Autumn in New England

The roadside stands were piled with golden pumpkins and russet squashes and baskets of red apples so crisp and sweet that they seemed to explode with juice when I bit into them.  I bought apples and a gallon jug of fresh-pressed cider.... The villages are the prettiest, I guess, in the whole nation, neat -and white-painted, and-not counting the motels and tourist courts-unchanged for a hundred years except for traffic and paved streets.  The climate changed quickly to cold and the trees burst into color, the reds and yellows you can't believe. It isn't only color but a glowing, as though the leaves gobbled the light of the autumn sun and then released it slowly.  There's a quality of fire in these colors.

I have been reading Travels With Charley by John Steinbeck and I came across this quote.  It so perfectly encapsulates autumn in New England.

 My daughter had a half day of school and we went for a walk through some woods and down by a stream.  It was a new walk for us but one we will probably do again.  It isn't very long but it provides boundless opportunities for clambering down inclines, investigating waterfalls, sitting on boulders, and scuffing through leaves.  In other words, all the perfect autumn woodland activities.

We spent quite a while collecting brightly colored leaves and deciding which ones look best together.  Does anyone else remember ironing leaves between sheets of waxed paper when you were a child?  The paper would stick together with your leaves positioned inside.  You could make all kinds of scenes and color combinations.

I love the sound of running water.  There is something so soothing and peaceful about sitting on a giant boulder and listening to the water cascading over the tiny waterfall just around the bend.  I think my dream house would have a river or a stream nearby.

It is nice give one of my children a bit of undivided attention.  My daughter had a fun afternoon and so did I .  She also insisted that I include a few photos of her in this post and she is demanding the right to proofread it before I post it.  So here is my daughter.  Her enthusiasm can brighten any day.

Have you ever been to New England?

Book Mail

books stack

I haven't bought very many books lately.  I just looked back and I haven't done one of these posts in two months and today I only have six books to show you.  Six books in two months is a pathetic showing for someone who claims to love books as much as I do.  I really need to up my book buying game for the sake of my blog.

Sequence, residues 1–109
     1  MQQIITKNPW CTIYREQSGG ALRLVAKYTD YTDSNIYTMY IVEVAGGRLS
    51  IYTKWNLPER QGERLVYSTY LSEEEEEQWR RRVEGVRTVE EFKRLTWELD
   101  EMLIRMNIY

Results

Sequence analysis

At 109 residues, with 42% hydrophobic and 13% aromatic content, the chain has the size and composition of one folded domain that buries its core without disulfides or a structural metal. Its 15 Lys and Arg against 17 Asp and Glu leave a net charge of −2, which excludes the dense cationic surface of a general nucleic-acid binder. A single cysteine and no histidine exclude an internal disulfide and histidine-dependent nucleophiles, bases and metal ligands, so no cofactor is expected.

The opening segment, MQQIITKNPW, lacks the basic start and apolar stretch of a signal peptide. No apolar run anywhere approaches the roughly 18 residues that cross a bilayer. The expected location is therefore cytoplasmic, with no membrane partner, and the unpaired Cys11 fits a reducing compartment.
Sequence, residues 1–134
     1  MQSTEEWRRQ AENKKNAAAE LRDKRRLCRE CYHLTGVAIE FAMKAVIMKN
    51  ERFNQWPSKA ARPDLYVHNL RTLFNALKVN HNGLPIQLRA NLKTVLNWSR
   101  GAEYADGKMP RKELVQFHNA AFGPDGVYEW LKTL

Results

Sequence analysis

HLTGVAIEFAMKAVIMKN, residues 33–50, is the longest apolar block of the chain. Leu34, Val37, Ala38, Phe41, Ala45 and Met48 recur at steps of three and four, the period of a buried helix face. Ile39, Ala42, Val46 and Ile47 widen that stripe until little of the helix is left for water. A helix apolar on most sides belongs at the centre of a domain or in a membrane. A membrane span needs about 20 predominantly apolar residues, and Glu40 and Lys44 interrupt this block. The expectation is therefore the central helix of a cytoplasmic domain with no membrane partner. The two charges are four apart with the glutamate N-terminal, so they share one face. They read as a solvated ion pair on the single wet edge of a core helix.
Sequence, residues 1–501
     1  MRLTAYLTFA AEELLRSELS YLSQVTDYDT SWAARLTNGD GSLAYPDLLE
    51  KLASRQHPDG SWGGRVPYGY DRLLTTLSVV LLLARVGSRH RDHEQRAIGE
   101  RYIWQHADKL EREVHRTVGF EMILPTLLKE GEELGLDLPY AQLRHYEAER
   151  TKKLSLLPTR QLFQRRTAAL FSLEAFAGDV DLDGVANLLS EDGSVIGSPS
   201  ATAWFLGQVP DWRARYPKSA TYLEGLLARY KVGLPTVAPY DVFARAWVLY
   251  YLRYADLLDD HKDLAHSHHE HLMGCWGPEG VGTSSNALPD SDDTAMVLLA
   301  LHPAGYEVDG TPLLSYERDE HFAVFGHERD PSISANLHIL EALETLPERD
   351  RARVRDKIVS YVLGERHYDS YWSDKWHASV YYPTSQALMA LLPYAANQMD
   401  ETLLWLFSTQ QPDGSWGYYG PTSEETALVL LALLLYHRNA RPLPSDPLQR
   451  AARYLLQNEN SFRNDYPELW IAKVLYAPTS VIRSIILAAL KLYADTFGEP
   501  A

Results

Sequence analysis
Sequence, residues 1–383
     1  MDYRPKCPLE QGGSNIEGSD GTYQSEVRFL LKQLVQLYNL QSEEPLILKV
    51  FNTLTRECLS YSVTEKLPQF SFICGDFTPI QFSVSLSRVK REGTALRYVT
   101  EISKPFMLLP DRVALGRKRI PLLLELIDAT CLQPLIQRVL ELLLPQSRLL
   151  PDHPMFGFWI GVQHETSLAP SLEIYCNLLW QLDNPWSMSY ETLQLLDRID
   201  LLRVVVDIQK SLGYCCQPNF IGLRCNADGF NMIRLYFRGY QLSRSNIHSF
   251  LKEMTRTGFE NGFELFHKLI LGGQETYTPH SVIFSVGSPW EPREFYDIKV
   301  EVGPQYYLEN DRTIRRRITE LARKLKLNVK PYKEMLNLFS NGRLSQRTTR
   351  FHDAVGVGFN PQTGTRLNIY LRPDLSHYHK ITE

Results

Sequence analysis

The problem is that my kids keep outgrowing their clothes so all my possible spare cash goes on replacing the barely worn clothes they can no longer fit into.  Please tell me that a 6'1" sixteen-year-old with size thirteen feet will eventually stop growing.  Please.  And my 11-year-old just passed a practically unworn pair of Converse down to me.  To me.  Think about that.  I just got hand-me-down shoes from my own daughter.

I bought a few books anyway.  Just think, I saved myself money because my daughter gave me her outgrown Converse.  Don't examine the logic of that statement too closely just nod approvingly and move on.

First of all, I bought Strong Poison by Dorothy Sayers.  I have read it five million times but for some reason I don't own it which is a crime because Pete Wimsey and Harriet Vane make me happy.  It showed up in the mail last week.  I promptly read it and am now in the process of binge reading all the books that involve both of them.  At one point Harriet tells Peter that "If anyone ever marries you, it will be for the pleasure of hearing you talk piffle."  I do enjoy listening to him talk piffle as well.

I bought a Persephone book, used I must admit, and the sight of its pretty grey cover makes me happy.  I bought Bricks and Mortar by Helen Ashton.  I recently read The Half-Crown House by the same author and thoroughly enjoyed it so when I saw this on Abebooks for next to nothing I snapped it up.

The View From the Corner Shop by Kathleen Hey is the diary of a Yorkshire shop assistant during WWII.  My love of wartime diaries is well documented on this blog and when I read a review of this on From My Mental Library I knew I had to buy it.  My shelves are groaning under the weight of books about life in Britain during the war but I just keep buying more.  I am not sure why I find it so fascinating but I do.  I also have a sneaking wish that I could dress like it was the 1940s.